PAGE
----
- As a result, I eventually defined a question for the whole class. Even though it evolved out of their work, it was still defined by me
Help Me Out...
I'm really interested by idea of using student generated questions but I feel like I need help on how to make it work. Things that I'm thinking about:
- I don't love the idea of tricking students into asking the question you want them to ask, but I also have trouble when students are all working on different things.
- I'm curious about the "initial event" that prompts student questions. Should I start small and well-defined and then move to open exploration (example #1) or should I start wide open and leave it wide open (example #3)?
- In most cases, I found it hard to facilitate student work. How can I get students to share work, challenge each other, and challenge themselves?
Mostly, I would love to hear about your experiences, questions, advice, or thoughts.
The 12th graders and I started a new unit/project/problem/whatever last week. It started with this image:
What is this?
We took some guesses before someone correctly identified the image as the readout from a stationary bike machine. If this was the readout, I nudged, then:
What did the course look like?
I let them play with it for a while. They identified some important questions they had and information they wanted:
- What do the dots represent?
- How can we quantify this?
- Does speed matter?
- Did the bike have gears?
- What do we mean when we say, "what does the course look like?
Ultimately, they agreed upon some answers and, as a result, gave themselves some space to work within. This part takes time and I really think we need to give it the time it deserves. If we don't let students pose and answer those questions, the rest of the unit suffers. I let them know that we would examine some simpler cases first and return to the unit question somewhere down the road.So, the next day they came back and and I
had them map the course for these two:
This took another class period for them to sort out. By the end, though, they started to feel pretty good about the fact that the dots were a measure of resistance which they connected to the slope of the course at that point. Towards the end of class, someone asked, "What would it look like if you were going downhill?' They talked for a bit and devised a system to handle that, so the next day I gave them this:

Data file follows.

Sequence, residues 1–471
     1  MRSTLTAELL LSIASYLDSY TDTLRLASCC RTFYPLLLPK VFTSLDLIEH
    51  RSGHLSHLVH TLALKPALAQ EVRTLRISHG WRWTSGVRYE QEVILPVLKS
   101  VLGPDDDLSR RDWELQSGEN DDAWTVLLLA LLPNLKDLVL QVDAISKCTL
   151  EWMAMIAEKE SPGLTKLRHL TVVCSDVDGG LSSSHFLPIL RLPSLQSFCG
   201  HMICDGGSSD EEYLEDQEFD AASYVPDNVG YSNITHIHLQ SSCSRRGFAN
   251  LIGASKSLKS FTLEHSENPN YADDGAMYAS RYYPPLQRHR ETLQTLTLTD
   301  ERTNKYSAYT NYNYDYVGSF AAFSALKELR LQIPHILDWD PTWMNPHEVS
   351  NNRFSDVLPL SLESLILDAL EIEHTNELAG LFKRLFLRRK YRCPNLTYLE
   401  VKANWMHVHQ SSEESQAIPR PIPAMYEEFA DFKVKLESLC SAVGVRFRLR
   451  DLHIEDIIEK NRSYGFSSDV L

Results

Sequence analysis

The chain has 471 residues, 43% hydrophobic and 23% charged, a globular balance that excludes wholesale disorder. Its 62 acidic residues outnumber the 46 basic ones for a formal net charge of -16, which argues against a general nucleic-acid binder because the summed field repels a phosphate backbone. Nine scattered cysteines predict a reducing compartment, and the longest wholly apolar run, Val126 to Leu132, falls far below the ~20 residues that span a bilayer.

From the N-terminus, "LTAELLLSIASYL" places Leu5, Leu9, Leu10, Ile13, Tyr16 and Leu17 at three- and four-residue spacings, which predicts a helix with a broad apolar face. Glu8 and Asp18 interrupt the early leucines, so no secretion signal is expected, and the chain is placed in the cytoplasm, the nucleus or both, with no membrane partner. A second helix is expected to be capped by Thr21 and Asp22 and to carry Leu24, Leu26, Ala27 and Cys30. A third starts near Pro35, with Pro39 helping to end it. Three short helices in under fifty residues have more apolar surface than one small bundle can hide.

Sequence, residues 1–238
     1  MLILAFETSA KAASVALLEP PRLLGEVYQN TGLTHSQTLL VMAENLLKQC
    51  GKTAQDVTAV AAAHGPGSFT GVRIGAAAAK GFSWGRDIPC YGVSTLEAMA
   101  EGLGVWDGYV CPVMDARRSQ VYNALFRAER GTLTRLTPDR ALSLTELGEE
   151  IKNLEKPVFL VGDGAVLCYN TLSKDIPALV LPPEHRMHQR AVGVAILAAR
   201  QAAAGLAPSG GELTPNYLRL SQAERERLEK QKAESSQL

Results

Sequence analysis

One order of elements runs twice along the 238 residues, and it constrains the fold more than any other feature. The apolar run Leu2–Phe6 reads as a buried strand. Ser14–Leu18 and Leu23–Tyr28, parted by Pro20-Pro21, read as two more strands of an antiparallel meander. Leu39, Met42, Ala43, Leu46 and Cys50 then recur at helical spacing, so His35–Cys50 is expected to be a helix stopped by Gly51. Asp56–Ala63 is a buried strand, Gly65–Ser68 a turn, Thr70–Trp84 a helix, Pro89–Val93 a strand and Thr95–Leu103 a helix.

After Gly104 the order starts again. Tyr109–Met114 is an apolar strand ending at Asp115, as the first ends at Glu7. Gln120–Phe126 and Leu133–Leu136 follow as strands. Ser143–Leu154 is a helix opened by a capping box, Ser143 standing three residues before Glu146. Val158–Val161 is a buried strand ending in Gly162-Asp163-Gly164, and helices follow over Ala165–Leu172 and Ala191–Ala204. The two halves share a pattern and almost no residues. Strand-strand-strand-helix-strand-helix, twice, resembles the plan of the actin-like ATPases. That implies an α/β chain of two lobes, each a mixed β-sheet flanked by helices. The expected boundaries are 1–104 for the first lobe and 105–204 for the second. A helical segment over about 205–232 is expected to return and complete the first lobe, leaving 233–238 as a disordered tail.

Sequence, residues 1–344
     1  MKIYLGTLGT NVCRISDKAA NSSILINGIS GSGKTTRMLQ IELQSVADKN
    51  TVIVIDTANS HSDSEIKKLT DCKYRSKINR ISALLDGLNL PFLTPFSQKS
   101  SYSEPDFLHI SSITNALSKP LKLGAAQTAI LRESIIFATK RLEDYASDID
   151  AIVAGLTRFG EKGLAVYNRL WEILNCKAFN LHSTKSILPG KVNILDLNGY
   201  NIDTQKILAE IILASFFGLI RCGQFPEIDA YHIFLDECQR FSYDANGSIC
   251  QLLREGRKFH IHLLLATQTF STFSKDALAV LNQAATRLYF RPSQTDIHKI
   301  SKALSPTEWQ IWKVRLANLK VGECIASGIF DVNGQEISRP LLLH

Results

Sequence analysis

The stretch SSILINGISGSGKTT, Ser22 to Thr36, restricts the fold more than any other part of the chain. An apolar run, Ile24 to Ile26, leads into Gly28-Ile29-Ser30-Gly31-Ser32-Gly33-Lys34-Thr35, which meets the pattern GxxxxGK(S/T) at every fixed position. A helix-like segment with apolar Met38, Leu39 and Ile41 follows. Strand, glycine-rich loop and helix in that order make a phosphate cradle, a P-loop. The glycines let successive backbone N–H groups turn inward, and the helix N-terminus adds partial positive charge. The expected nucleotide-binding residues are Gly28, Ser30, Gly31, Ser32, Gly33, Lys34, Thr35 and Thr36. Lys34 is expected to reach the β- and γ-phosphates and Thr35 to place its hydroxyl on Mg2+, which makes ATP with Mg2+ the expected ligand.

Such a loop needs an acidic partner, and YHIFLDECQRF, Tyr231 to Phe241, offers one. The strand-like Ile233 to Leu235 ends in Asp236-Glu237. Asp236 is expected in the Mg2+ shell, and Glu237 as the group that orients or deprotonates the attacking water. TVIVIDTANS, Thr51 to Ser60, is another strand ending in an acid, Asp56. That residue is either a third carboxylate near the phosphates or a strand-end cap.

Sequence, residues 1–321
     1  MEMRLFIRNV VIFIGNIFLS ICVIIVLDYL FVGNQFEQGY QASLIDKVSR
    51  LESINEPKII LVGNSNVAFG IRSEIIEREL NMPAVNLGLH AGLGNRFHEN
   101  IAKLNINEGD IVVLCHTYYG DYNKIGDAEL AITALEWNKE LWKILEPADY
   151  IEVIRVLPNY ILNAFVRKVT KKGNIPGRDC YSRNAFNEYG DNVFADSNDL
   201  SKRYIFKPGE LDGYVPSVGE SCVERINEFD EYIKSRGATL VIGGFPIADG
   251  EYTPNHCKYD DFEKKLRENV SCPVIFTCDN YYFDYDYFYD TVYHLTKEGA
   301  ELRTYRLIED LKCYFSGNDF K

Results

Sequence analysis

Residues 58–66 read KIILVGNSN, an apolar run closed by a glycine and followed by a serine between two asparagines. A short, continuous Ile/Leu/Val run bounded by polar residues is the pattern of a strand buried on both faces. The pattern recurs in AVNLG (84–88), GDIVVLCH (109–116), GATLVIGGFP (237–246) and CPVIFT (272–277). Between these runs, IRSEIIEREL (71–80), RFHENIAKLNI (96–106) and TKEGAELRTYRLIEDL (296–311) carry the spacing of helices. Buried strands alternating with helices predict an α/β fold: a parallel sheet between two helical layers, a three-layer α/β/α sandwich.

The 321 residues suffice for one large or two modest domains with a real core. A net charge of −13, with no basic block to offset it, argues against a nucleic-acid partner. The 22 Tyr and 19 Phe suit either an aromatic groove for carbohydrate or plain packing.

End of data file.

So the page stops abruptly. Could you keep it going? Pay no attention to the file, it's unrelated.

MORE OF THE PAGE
This allowed them to have conversations about what it meant when the resistance was positive, what it means when resistance is zero, and what it means when resistance is negative.It's fun to watch the students construct an understanding of antiderivatives. The three-day span reminded me of a few things:
- the importance of listening to how students are thinking about and making sense of problems
I feel like there are a couple ways to go with this trajectory next:
- our role as teachers in responding to that way of knowing by bringing what might be the "next good problem" for them
- allowing them the time to sort things out together
I'm leaning towards #1. What do you think would be best for the students?
- Stay with resistance, but use a continuous curve
- Stay with this discrete model, but switch contexts (maybe speed or rate of growth)
- Stay with discrete and resistance, but use a more complicated readout
For one hour of my school day, I work with an amazing group of Seniors in a class I have called "Mathematical Thinking" (more about that in a later post, perhaps). Mostly, the class is a mixture of problem-based units and other miscellaneous open-ended puzzles, problems, and mathematical games. Yesterday, we worked on a puzzle/game called Cartesian Chase. I played a few games against students to demonstrate the rules (we confined ourselves to a 3x7 rectangle) and then just let them play for while. Then, I had them stop and record anything they were noticing in terms of a strategy that seemed to be working. Then, they switched and played with new partners for a while longer. I stopped them again after a few games and had them record updated strategies. We ended with a class a few "undefeated" people playing each other. It quickly became apparent that there was a winning strategy at play. In the process of all this, here is what I noticed:- nearly ALL of the students were engaged and playing for the whole time- students were having fun with each other- we had a few early conjectures in place about what strategy might be best- students uncovered structure in the problem, used it to win every time, & were able to clearly explain it- after the game was "solved," a few students were curious: